7 Cheap Stocks for the Cash-Strapped Investor

cheap stocks to buy - 7 Cheap Stocks for the Cash-Strapped Investor

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The U.S. Federal Reserve’s commitment to ease liquidity in the stock market since March did too good a job. The S&P 500 traded at all-time highs in recent sessions. The tech-heavy Nasdaq Composite Index trades at new highs almost daily. There are, however, cheap stocks to buy from a standard price-to-earnings metric. When asked about what metric to use to find undervalued metrics, we turned to Clinical Professor of Finance David Kass at the University of Maryland’s Robert H. Smith School of Business.

The professor said in an email to InvestorPlace, “I would focus on the PEG ratio, or P/E ratio divided by the projected growth rate of earnings per share. The lower the PEG ratio, the more attractive (or undervalued) a stock is.”

James Angel, associate professor of finance at Georgetown University’s McDonough School of Business said:

… potential bargains can be found in stocks with low institutional ownership. Stocks with high institutional ownership have been chosen by large institutional investors and are likely to be fairly priced. Stocks with low institutional ownership are often smaller companies that are too small for the big players to mess with, so they may or may not be undervalued.

These are seven cheap stocks to buy the cash-strapped investor may consider.

  1. ASE Technology Holding (NYSE:ASX)
  2. Teradata (NYSE:TDC)
  3. Himax Technologies (NASDAQ:HIMX)
  4. Ford Motor (NYSE:F)
  5. Micron Technology (NASDAQ:MU)
  6. Teva Pharmaceuticals (NYSE:TEVA)
  7. Newell Brands (NASDAQ:NWL)

These cheap stocks to buy may or may not have low PEG. If they happen to have that, plus low institutional ownership, they are most probably inexpensive stocks.

ASE Technology Holding (ASX)

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First on this list of cheap stocks to buy is ASE. ASE stock trades at a PEG of around 0.4 times (per finviz). The stock traded at above $5 on July 31 after posting earnings. For much of August, ASE drifted lower.

On Aug. 10, the company reported July’s net revenue rising a modest 2.6%. The slowing growth is in stark contrast to the first half 2020 growth when group revenue grew 18% year-on-year. ATM grew 23% yar-over-year (Y/Y) as gross margins rose by 3.8%.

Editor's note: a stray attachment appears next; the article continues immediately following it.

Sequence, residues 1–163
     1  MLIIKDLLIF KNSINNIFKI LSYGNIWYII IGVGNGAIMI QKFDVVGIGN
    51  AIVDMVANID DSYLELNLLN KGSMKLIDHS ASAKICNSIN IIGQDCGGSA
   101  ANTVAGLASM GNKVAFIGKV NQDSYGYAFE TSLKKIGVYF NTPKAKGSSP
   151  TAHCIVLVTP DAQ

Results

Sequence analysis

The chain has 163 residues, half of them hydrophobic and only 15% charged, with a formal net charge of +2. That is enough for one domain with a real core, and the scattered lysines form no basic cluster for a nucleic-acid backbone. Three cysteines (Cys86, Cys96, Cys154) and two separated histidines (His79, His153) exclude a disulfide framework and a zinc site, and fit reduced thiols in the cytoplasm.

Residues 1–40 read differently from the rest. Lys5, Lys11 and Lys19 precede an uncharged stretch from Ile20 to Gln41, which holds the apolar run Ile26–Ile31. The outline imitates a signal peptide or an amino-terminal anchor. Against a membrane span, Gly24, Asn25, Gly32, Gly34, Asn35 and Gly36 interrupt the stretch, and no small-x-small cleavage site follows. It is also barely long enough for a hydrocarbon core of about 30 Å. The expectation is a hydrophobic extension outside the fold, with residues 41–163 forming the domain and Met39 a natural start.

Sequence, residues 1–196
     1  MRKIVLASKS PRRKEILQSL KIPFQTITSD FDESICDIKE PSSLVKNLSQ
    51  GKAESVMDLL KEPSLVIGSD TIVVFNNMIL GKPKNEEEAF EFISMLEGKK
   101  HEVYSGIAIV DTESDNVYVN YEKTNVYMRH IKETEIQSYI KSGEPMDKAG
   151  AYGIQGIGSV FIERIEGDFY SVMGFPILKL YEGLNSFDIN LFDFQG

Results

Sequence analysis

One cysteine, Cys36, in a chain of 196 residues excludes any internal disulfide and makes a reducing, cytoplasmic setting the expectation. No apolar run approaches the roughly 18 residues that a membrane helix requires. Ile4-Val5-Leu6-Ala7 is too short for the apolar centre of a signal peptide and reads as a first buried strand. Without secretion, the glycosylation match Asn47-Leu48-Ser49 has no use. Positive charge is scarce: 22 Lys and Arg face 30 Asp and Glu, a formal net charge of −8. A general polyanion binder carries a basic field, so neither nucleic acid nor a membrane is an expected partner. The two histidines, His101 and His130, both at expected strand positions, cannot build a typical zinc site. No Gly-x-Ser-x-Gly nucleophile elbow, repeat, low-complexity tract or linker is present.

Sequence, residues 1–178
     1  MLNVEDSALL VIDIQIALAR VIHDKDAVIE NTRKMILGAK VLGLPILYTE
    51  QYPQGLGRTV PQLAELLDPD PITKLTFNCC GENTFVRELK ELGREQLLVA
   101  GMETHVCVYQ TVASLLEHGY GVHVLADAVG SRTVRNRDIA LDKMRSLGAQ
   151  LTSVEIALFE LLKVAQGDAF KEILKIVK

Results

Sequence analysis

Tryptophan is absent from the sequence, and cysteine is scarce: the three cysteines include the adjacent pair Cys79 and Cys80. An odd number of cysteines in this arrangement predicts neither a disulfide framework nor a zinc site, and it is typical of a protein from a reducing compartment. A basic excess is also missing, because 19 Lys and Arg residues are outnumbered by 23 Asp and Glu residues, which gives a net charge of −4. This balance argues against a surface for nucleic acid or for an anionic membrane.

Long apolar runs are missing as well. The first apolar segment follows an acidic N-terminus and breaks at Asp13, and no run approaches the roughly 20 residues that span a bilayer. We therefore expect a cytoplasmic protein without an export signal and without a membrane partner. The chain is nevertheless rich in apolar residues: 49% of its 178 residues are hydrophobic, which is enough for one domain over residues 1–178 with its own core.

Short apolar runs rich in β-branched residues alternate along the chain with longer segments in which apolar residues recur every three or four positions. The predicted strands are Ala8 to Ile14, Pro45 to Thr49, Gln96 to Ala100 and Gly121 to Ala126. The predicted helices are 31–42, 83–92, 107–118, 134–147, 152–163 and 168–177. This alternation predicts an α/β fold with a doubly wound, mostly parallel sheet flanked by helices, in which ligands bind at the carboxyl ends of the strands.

ASE is focusing on businesses that have the best long-term growth potential. For example, its Test business grew 30% Y/Y while the Fanout business rose 68%. ASX is a “boring” semiconductor testing firm that has plenty of diversification. Its ATM unit generates revenue from such segments as wirebonding, testing, and material.

ASE stock scores 93/100 on value, based on EV/EBITDA and P/E. It also has a growth score of 90/100. As shown below, the 3-year and 5-year growth rates exceed the index and S&P 500 average:

ASX Industry S&P 500
Growth Score 90 61 76
Sales Growth
Sales Growth Next Year 5.00% 7.40% 11.80%
Sales 1‑Year Chg (%) 9.30% -2.50% 23.30%
Sales 3‑Year Avg (%) 15.80% 3.50% 14.60%
Sales 5‑Year Avg (%) 9.50% 1.40% 8.90%

Chart courtesy of Stock Rover

ASE forecasts growth in the mid-single-digit range (of around 5). The U.S. export restrictions hurt the business. If the ATM business offsets the restriction, then ASE will report decent growth ahead.

Teradata (TDC)

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Teradata trades at a PEG of 0.84 times, although institutional ownership is 98.9%. Teradata helps customers leverage their data so they can analyse and deploy it anywhere. When the company posted Q2 results beating estimates, the stock soared. TDC stock is not as cheap on a stock price basis but investors get a good company after the rally.

TDC Industry S&P 500
Quality Score 83 57 79
Gross Margin 52.90% 31.00% 28.80%
Operating Margin 0.40% 9.40% 12.50%
Net Margin 6.30% 5.40% 7.40%

Chart courtesy of Stock Rover

As shown above, TDC stock has a good quality score, thanks to its strong gross margins.

Teradata posted annual recurring revenue rising 8% Y/Y in the second quarter. A shifting focus on higher-margin consulting projects caused Consulting revenue to fall by 26%. Gross margins still rose to 58.9%.

On its conference call, CEO Steve McMillan pointed to the opportunity of the cloud business. As its customers shift from on-premise to the cloud, Teradata has an opportunity to grow. He thinks that the public does not see it as a relevant cloud player. So, as it wins more cloud-based deals and considers marketing itself more aggressively, the perception will change, driving brand awareness.

Himax Technologies (HIMX)

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Himax has only 11.9% institutional ownership. Its small size leaves it unnoticed among cheap stocks to buy by the bigger investors.

In the second quarter, Himax posted revenue of $187 million. Its large driver integrated circuits contributed to 31.8% of revenue. Gross margin of 21% beat its previously supplied guidance. The company earned just a penny per diluted ADS.

Looking ahead, HIMX stock may trend higher after issuing its Q3 outlook. The company expects top-line growth in the period. Its goal of improving gross margin in Q3 through to next year should lead to higher profits.